Solving crossword puzzles is another excellent example of a standard brain exercise. When you get good, you can further challenge your brain by trying to solve the entire puzzle by only answering the ‘down’ questions or only ‘across’.
Some of the best memory games for seniors emphasize short-term stimulation, logic, reaction-time, and hand-eye coordination.
Activities that are known to help stimulate multiple areas of the brain:
If you’re looking at the bullet points and wondering about the adage, ‘video games will rot your brain’, it’s recently been proven wrong. On the contrary, video-game-based brain training apps create a positive impact on brain-derived growth factor (BDNF), a brain protein that encourages growth and neuroplasticity. They also affect apolipoprotein E (APOE), an amino acid glycoprotein that makes fat transfer more efficiently in the brain. In the controlled study, researchers tested serum levels for BDNF and APOE, and both groups of test subjects completed a cognitive assessment using CANTAB software, which measured mental flexibility, memory, attention, speed, and problem-solving skills. After three weeks, there were higher serum levels of BDNF and APOE, and a significant improvement in most of the CANTAB measures was observed in the group using the brain training game app for 15 minutes per day.
Many enjoyable activities, skills, and hobbies promote cognitive health. Learning a new language is a fantastic way to create new neural pathways and improve memory and word recall. You can take language-learning a step further by learning sign language. Not only will you incorporate all of the benefits of learning a new language, but also practice a high level of fine motor function.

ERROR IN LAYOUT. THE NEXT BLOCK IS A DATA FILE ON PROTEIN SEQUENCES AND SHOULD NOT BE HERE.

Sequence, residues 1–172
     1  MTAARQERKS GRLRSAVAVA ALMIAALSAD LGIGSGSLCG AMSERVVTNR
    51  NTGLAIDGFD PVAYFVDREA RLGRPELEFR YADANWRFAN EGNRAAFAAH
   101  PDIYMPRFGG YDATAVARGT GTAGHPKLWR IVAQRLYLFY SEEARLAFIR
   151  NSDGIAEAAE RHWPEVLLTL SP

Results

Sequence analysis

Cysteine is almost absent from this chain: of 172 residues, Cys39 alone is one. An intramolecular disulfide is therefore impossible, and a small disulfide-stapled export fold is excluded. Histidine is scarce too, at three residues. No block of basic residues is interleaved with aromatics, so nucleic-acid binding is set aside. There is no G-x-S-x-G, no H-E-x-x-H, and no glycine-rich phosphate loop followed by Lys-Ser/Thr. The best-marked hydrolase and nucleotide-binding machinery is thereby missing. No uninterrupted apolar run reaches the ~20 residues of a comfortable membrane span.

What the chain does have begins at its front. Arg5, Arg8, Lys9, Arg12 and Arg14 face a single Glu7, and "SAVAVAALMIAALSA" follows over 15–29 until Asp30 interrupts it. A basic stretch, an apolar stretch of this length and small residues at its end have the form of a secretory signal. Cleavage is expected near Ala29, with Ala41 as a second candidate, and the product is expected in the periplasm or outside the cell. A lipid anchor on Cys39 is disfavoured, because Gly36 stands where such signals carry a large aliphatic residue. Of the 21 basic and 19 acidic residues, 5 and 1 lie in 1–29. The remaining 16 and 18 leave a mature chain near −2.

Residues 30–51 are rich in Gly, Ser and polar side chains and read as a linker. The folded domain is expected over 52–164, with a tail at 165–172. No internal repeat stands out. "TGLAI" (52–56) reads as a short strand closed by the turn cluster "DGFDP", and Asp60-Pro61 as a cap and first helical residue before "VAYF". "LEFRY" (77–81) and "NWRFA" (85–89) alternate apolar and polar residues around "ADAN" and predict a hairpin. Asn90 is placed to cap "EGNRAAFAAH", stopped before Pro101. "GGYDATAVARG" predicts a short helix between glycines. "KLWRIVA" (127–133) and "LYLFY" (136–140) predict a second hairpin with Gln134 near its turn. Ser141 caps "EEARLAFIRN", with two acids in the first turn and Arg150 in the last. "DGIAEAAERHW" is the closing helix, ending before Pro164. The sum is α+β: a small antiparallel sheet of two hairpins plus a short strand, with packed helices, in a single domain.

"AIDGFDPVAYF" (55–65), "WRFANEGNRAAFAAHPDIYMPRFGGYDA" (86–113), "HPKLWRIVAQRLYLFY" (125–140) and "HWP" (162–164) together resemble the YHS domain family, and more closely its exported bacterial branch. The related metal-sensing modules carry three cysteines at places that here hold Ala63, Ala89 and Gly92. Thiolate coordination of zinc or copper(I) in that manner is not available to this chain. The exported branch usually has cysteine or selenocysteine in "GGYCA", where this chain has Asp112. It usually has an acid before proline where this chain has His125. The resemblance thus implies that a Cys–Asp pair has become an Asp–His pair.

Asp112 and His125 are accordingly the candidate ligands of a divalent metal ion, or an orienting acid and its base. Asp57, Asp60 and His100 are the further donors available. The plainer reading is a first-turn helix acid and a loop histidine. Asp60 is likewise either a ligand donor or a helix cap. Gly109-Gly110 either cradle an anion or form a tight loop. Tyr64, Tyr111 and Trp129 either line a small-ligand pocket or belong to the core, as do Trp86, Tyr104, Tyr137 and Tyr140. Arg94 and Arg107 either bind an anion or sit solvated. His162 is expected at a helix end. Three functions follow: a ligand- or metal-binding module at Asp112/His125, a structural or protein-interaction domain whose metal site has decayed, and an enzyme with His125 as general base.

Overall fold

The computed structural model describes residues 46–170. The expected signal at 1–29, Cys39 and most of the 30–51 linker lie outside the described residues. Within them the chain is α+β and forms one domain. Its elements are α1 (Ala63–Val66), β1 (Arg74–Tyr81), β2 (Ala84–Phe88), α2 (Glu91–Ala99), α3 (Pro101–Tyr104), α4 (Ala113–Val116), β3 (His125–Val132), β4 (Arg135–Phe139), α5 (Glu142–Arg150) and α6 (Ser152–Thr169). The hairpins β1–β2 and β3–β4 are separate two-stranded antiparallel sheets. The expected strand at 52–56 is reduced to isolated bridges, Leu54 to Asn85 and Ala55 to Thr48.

Like sign language, learning a musical instrument requires hand-eye coordination and finger dexterity and is an effective ‘cognitive intervention task’ for older adults. However, if music isn’t your cup of tea, simply creating a list and memorizing it is helpful.
Here are a few proven brain training activities:
However, all of the brain training games and helpful cognitive-enhancing activities in the world are useless if you don’t take care of yourself. Proper nutrition and regular adequate sleep are even more critical to your cognitive health than any brain game. So, eat a healthy, well-balanced diet of whole foods, take nutritional supplements when needed, and get plenty of rest. Try to avoid cigarettes and excessive alcohol. If you take the usual steps for every day, optimal well-being (eat well, sleep well, get regular exercise), and give your mind a daily workout with some of the brain training games or activities described in this article, you should be able to slow natural, age-related cognitive decline to a crawl.
 "Brain Training Games Enhance Cognitive Function in Healthy ...." 20 Apr. 2018, https://europepmc.org/article/pmc/pmc5930973. Accessed 10 Aug. 2020.
 "Instrument Playing as a Cognitive Intervention Task ... - Frontiers." https://www.frontiersin.org/articles/10.3389/fpsyg.2019.00151/full. Accessed 10 Aug. 2020.
Lampit A, Hallock H, Valenzuela M. Computerized cognitive training in cognitively healthy older adults: a systematic review and meta-analysis of effect modifiers. PLoS Med. 2014;11(11):e1001756. Published 2014 Nov 18